31 March 2010 Dozens of farmers, veterinarians and farm workers have been infected with Rift Valley fever in South Africa, and at least two people have died, the United Nations World Health Organization (WHO) reported today.
Transmitted by mosquitoes, RVF is a dangerous disease that affects both livestock – including sheep, goats, cattle and camels – and humans, but is usually well-established in animal populations by the time the first human cases are observed.
Most of the 63 people coming down with the virus came into direct contact with infected livestock or were somehow linked to farms housing animals confirmed to have RVF.
All cases of RVF in the current outbreak have been confirmed by the National Institute of Communicable Diseases (NICD) in Johannesburg.
According to WHO, there has been an ongoing outbreak of RVF affecting sheep, goats, cattle and wildlife on farms in seven of South Africa’s nine provinces.
As of 29 March, nearly 80 farms have reported laboratory-confirmed cases in animals, with extensive deaths.
South African authorities continue to investigate the outbreak and are also taking steps to enhance disease surveillance among cattle and in managing the infections.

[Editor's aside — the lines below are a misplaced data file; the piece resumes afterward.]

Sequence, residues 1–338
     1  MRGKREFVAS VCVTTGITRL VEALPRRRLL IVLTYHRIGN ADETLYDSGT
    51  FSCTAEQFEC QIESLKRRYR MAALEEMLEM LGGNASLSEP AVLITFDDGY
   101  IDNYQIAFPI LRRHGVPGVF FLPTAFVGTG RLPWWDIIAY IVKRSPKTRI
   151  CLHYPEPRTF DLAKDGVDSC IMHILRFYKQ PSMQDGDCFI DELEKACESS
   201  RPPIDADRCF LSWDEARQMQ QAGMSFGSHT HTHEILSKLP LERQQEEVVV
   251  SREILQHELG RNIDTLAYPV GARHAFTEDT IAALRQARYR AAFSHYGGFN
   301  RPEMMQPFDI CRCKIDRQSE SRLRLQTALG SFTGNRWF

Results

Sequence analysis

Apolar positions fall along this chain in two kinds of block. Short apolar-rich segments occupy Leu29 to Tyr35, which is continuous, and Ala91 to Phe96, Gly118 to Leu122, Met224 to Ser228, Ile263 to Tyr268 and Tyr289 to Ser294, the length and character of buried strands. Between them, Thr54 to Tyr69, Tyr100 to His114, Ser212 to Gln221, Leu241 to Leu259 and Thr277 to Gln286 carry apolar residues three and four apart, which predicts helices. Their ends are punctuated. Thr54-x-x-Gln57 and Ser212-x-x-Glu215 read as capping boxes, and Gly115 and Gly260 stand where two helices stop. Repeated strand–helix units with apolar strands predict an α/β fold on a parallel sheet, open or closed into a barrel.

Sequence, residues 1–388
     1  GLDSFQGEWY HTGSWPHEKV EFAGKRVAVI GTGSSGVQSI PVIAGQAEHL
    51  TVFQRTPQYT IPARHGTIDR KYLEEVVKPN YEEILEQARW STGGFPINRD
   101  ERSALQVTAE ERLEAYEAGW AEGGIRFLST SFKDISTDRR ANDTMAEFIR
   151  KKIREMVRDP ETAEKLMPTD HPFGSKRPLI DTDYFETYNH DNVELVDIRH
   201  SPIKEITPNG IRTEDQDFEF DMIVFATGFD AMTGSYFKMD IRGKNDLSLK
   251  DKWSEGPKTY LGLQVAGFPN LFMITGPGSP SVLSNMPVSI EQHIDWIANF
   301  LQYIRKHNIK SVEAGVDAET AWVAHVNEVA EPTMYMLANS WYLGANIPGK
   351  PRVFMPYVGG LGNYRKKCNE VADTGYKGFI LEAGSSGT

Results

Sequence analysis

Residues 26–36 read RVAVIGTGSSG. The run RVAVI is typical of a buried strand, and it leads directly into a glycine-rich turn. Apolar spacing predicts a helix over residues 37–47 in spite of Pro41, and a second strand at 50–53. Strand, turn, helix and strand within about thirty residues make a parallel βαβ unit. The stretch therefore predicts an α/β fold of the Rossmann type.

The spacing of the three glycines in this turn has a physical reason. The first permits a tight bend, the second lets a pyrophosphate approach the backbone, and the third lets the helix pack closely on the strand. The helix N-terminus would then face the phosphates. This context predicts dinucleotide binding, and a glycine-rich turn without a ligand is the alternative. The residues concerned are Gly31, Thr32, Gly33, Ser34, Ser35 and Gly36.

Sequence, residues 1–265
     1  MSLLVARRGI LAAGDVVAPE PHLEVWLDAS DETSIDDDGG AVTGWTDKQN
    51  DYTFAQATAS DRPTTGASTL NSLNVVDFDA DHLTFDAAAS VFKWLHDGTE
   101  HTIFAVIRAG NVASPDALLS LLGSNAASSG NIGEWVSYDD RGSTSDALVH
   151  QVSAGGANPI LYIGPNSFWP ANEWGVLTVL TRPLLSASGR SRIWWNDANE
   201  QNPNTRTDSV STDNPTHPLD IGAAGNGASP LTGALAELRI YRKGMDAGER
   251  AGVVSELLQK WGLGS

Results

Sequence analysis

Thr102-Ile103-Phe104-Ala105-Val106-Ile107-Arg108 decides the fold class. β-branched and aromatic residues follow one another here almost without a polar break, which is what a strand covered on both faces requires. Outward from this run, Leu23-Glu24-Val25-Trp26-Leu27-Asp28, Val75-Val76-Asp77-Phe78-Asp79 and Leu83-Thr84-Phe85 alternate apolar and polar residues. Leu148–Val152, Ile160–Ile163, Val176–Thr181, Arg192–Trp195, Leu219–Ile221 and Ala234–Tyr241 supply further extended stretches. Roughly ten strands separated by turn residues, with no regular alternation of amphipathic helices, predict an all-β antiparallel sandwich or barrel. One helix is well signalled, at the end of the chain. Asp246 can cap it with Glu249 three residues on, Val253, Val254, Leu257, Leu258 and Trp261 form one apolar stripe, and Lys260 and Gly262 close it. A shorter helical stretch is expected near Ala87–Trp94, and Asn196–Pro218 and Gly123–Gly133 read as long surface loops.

The last major outbreak in animals in the country took place between 1974 and 1976, with up to 20,000 animals affected.
Humans become infected through mosquito bites or direct contact with infected material and liquids such as animal blood during slaughtering, while the uncooked milk of infected animals can also pose a risk. No cases of human-to-human transmission have ever been reported.
While some infected people experience no detectable symptoms, others develop flu-like fever, muscle pain, headaches, joint pain, vomiting, loss of appetite and sensitivity to light. In more severe cases patients can also experience lesions in their eyes, neurological problems, liver impairment and haemorrhagic fever symptoms including widespread bleeding.
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